• February 10, 2010
  • By Jim Dickie, research fellow, Sales Mastery

Avoid the Disaster of 2009

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As 2010 unfolds, with its all-new set of targets for revenue and growth, let’s take a moment to look at the singular disaster of 2009, so we don’t repeat the mistake this year.

First, let me take you back to the very end of 2008. Of the more than 1,800 companies worldwide participating in our 15th annual Sales Performance Optimization (SPO) study, only 59 percent reported salespeople making their quotas for that year—the first decline in sales performance in four years, down from 61 percent in 2007. 

Despite the lackluster results, 86 percent of companies told us at the time that they were raising quotas for 2009, and more than half of those firms stated that individual revenue targets would increase by 11 percent or more. We asked all the participating companies to share the specific initiatives they were putting in place to help sales teams achieve these new numbers. At the top of that list? Revising and/or enhancing lead generation programs.

While the intentions sounded admirable, we started getting nervous in the spring of 2009 when we began to gather data for our annual study on lead generation optimization. Figures gathered from nearly 700 firms revealed that the promise of additional coverage from marketing was not turning into reality. In fact, 67 percent of the firms told us that they’d frozen or reduced their lead generation budgets for the year. As a result, very few sales teams were seeing an expanded stream of leads. 

In addition, only 19 percent of firms stated that they had a lead management system in place to facilitate lead scoring, nurturing, and tracking, and thereby more effectively leverage the leads that were generated.

So how did all this play out for 2009? Data from our 16th annual SPO study, involving more than 2,400 firms, shows another drop in the share of reps making quota—down to just 52 percent. That lowered the level of full-plan attainment across all firms surveyed, from 86 percent in 2008 to 78 percent in 2009. 

The situation gets worse. Amazingly, as we turned the corner into 2010, 85 percent of sales organizations told us that they had again raised quotas for their sales reps. These chief sales officers and chief marketing officers seem to have already blinded themselves to the mistakes of 2009.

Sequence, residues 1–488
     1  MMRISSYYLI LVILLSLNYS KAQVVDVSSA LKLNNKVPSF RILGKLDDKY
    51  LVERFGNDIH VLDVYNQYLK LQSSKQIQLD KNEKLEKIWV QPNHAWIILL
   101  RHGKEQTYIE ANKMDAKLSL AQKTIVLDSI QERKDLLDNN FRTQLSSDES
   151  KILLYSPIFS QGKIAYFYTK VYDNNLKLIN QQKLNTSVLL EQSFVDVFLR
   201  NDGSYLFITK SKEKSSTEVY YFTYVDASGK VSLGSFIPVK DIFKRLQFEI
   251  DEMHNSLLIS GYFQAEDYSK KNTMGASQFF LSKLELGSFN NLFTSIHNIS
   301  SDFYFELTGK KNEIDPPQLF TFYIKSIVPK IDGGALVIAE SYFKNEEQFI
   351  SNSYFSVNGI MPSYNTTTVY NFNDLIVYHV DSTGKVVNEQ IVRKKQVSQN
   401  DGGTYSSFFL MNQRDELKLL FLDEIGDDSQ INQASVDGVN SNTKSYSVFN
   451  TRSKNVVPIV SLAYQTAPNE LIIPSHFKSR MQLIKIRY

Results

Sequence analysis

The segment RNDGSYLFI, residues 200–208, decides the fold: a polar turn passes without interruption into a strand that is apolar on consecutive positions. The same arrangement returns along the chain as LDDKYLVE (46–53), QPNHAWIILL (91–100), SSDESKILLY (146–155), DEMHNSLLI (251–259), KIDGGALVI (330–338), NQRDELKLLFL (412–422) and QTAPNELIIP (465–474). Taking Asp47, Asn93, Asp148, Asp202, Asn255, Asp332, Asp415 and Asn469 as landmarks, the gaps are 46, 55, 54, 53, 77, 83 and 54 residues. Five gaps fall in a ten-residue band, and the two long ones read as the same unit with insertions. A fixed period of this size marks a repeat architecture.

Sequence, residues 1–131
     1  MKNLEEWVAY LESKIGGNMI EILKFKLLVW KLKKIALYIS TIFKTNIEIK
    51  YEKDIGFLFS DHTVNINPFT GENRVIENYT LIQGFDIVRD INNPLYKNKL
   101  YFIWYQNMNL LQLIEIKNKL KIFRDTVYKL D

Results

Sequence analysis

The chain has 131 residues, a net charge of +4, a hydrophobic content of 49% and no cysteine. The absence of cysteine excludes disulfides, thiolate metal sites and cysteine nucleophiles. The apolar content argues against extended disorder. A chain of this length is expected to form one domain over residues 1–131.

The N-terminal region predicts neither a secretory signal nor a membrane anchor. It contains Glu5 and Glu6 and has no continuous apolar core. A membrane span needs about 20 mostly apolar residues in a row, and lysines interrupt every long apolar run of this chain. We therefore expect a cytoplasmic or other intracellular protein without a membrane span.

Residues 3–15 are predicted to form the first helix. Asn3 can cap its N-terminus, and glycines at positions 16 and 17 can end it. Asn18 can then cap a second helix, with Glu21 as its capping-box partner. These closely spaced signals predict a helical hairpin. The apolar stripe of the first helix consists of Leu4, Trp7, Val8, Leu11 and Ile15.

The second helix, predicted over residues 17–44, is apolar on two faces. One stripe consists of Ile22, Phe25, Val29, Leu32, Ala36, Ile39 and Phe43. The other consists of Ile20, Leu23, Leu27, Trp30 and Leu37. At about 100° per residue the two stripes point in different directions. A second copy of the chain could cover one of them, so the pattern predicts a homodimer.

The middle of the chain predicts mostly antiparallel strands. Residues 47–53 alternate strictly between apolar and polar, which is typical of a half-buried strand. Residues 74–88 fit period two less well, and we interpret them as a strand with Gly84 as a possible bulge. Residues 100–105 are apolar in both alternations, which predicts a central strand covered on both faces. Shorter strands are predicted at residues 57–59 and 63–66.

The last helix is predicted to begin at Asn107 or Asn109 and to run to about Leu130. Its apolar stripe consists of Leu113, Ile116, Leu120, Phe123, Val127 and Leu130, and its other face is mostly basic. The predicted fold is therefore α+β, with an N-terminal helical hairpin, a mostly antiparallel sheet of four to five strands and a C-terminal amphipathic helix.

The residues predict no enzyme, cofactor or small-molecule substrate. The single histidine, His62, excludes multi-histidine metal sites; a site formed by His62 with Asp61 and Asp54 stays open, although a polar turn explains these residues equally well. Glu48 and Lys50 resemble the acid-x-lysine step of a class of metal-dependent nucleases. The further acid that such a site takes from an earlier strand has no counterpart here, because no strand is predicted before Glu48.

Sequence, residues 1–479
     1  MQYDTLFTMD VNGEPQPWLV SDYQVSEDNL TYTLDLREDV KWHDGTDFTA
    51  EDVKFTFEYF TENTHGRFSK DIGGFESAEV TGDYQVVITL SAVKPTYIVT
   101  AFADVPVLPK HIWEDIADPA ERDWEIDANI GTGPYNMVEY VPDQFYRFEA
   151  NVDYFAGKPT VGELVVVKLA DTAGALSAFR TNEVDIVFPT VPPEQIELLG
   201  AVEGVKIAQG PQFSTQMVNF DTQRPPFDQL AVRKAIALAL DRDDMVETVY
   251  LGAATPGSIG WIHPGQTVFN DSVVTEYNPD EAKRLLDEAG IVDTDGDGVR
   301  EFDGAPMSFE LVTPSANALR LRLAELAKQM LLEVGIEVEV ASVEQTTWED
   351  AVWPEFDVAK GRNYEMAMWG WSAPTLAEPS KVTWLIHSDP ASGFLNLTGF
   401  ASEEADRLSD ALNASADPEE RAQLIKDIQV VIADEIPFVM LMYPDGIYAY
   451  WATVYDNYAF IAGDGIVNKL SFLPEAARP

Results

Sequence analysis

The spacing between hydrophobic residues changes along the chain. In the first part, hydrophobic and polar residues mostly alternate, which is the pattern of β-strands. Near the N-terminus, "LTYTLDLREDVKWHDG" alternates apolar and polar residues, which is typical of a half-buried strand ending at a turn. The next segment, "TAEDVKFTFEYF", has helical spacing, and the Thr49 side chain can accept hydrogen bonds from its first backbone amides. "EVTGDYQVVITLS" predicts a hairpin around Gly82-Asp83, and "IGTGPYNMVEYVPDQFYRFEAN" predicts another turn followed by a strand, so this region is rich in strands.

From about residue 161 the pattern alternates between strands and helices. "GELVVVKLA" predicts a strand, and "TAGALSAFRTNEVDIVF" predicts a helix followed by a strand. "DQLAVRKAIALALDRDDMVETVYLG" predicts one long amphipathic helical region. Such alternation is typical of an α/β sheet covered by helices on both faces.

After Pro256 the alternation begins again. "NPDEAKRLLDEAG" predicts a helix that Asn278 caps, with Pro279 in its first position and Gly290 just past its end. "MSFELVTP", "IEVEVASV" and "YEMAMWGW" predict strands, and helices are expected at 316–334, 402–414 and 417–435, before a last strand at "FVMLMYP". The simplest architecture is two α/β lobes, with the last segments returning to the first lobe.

Our findings indicate that marketing teams continue to struggle with tight budgets around lead generation campaigns, but we believe they can increase the effectiveness of those initiatives with some reasonable investments in CRM. Having benchmarked users of solutions geared toward lead generation management, and having received product and directional updates from a number of players in this space, we can recommend that you look at firms such as Aprimo, Genius.com, iContact, Manticore, Marketo, OppSource, and Unica. 

These solutions offer robust capabilities such as help in targeting the right prospects, effectively executing campaigns, evaluating interest and buying intent, getting hot leads into the hands of the right sales resources, incubating those leads that have interest but no current time, and ultimately tracking the disposition of leads so you can learn from your successes and failures to fine-tune your lead generation efforts going forward.

To the 81 percent of you not yet utilizing these types of CRM solutions, adding these capabilities to your lead-effectiveness arsenal can make a significant difference in the results you see in 2010. 

Jim Dickie is a partner with CSO Insights, a research firm that specializes in benchmarking CRM and sales effectiveness initiatives. He can be reached at jim.dickie@CSOinsights.com.

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